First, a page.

Proxmox is an operating system that makes it easy to manage virtual machines and LXC containers. The server uses a web GUI for easy access and handles all of the resource management from within the GUI.
For the most part, installing Proxmox is as straightforward as installing any OS. I ran into some issues with the networking and screen configurations that took me a little time to troubleshoot. Both were easily fixed by making sure the correct hardware was plugged into my system before starting to install.
Setting up a USB for installing
The ISO for Proxmox can be found on their downloads page. There are a few different versions available and a couple different methods for downloading them.
This ISO can be written to a USB drive using the disks program included with most linux distros. Select the correct disk drive (carefully!) and
Restore Disk Image from the dropdown menu. Specify the ISO image and then start restoring. This will delete any information on the USB drive so choose one without anything important.
This could take a few minutes. Once the USB drive is finished, insert it into a USB port on the server.
Install Proxmox on the server
The initial installation will need a monitor attached to the server. This is where I ran into resolution issues and had to use a TV rather than one of my desktop monitors. You can start the Proxmox installation by starting the server and going to boot devices. Choose the inserted USB drive as the boot device.
The first window for installing Proxmox asks what kind of installation you would like to do. Typically you will choose the first option to start the installation. The second option
Install Proxmox VE (Debug mode) boots to the command line for fixing any issues that come up.
Rescue Boot boots to an existing installation when there are issues with the boot block. Finally,
Test Memory will check that your memory is functional and error free.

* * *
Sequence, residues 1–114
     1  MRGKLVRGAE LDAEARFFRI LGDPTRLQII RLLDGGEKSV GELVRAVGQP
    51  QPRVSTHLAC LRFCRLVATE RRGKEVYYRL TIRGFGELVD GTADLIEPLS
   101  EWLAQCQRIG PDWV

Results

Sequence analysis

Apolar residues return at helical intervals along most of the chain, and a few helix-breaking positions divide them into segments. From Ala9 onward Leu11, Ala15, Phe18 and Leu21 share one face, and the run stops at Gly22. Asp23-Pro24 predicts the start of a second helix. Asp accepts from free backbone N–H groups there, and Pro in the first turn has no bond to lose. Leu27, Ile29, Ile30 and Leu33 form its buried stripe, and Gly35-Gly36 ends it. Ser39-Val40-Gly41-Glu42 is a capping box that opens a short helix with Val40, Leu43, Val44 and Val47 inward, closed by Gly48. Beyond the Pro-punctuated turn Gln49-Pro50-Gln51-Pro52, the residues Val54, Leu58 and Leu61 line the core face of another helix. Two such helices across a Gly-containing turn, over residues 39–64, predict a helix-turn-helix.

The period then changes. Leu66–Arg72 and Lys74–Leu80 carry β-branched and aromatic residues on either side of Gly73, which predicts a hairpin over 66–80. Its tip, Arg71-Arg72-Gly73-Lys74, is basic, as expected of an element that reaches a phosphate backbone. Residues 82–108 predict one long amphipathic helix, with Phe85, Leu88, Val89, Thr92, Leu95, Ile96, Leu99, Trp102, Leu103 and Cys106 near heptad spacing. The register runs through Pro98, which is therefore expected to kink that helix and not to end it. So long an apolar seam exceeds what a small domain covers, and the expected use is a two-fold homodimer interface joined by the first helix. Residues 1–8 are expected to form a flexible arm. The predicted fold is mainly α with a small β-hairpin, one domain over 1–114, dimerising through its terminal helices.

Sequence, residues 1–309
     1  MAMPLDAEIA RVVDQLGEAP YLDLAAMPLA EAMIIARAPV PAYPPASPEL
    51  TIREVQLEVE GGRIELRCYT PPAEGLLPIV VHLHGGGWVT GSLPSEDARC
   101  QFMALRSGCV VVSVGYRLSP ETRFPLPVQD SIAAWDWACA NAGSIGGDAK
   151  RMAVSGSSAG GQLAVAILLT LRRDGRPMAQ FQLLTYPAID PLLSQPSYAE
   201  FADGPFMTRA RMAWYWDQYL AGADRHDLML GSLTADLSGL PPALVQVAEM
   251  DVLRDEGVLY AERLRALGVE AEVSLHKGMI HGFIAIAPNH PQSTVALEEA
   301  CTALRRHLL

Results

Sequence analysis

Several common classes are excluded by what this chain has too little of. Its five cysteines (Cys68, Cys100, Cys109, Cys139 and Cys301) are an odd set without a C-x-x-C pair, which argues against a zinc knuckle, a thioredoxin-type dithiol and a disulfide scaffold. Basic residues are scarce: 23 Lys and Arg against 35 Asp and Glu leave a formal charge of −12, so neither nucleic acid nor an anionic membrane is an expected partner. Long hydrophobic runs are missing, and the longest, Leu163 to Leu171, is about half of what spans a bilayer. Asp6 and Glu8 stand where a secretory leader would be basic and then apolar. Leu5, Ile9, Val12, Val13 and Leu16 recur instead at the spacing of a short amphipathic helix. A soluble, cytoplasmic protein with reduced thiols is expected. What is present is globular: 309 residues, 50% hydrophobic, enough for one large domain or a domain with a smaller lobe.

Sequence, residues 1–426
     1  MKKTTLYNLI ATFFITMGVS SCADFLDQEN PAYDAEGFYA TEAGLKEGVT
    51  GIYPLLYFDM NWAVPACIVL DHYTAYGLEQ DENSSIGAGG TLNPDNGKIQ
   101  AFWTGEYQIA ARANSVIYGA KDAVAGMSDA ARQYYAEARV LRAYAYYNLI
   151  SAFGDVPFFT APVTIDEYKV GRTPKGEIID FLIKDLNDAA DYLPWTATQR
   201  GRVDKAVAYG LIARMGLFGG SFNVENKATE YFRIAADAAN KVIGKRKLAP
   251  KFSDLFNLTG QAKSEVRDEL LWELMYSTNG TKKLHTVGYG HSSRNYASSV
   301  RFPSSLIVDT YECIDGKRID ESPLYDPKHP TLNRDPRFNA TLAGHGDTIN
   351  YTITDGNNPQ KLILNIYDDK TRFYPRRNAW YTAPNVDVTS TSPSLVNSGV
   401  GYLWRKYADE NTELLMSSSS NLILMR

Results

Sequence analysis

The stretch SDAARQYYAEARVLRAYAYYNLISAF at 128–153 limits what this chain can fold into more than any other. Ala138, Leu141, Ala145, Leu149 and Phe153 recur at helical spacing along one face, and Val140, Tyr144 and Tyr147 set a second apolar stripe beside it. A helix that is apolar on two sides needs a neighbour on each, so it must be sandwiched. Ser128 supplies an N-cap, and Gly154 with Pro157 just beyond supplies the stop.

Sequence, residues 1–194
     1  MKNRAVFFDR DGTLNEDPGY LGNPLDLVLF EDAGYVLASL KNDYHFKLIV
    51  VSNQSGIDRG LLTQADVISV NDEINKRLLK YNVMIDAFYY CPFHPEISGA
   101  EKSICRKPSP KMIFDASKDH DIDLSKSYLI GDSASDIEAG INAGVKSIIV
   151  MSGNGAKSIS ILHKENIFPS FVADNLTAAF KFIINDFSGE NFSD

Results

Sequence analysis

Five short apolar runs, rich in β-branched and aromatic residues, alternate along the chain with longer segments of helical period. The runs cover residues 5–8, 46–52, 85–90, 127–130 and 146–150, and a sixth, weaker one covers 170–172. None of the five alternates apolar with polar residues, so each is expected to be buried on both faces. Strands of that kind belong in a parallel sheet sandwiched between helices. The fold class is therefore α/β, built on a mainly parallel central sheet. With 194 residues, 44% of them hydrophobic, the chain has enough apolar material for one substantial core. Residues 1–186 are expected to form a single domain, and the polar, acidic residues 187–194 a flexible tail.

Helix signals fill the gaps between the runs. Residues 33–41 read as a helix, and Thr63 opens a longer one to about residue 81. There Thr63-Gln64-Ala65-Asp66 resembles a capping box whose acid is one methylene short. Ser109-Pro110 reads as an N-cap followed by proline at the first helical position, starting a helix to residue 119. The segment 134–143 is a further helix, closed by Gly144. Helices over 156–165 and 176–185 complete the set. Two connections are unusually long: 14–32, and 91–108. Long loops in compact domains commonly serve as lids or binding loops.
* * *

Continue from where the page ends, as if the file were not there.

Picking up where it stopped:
Choosing an installation drive
The next window will ask what hard drive to use for installation. If there is more than one drive on the server, then make sure the desired drive is selected. There is also an options button for advanced configuration of the drive.
Location and Time Zone selection
This window is for information telling the server where it is located. These settings vary for everyone and should be easy to determine.
Password and Email
This window asks for a password and email for the admin. This will be used when logging into the web GUI. You will also receive alerts about issues through the provided email.
This window asks for information about the server’s network. The
Management Interface dropdown asks what networking interface should be used. If you only have one networking interface then the default value should be what you are looking for. The
Hostname is the name that the server will display on the network. The
IP Address is probably the most important option on this page because that is the address you will use to connect to the server.
I first installed Proxmox without my ethernet cable plugged in. This caused there to be no network once the installation was complete. While I’m sure this wouldn’t be terrible to fix, it’s easier to make sure the system has networking during the install process.
Finally, the last window will present you with a loading bar as it installs Proxmox. Nothing to be done here except wait for it to finish. Follow any prompts on the screen and wait for the server to reboot before continuing.
Accessing the GUI
Once the server has rebooted, it will start a webserver for the GUI. This can be accessed by going to the previously selected IP address at port
This GUI provides convenient methods of creating virtual machines or containers, managing the server’s memory usage, and other general tasks that will need to be done with the server.
The Proxmox server will now be ready to go and the monitor can be removed. The Proxmox system will automatically start whenever the server is rebooted. The next step is learning how to setup virtual machines and containers.